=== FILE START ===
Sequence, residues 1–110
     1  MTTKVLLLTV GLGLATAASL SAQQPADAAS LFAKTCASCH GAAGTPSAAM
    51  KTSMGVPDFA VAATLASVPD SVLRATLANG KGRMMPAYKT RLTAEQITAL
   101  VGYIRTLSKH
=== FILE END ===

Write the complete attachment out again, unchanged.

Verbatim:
Sequence, residues 1–110
     1  MTTKVLLLTV GLGLATAASL SAQQPADAAS LFAKTCASCH GAAGTPSAAM
    51  KTSMGVPDFA VAATLASVPD SVLRATLANG KGRMMPAYKT RLTAEQITAL
   101  VGYIRTLSKH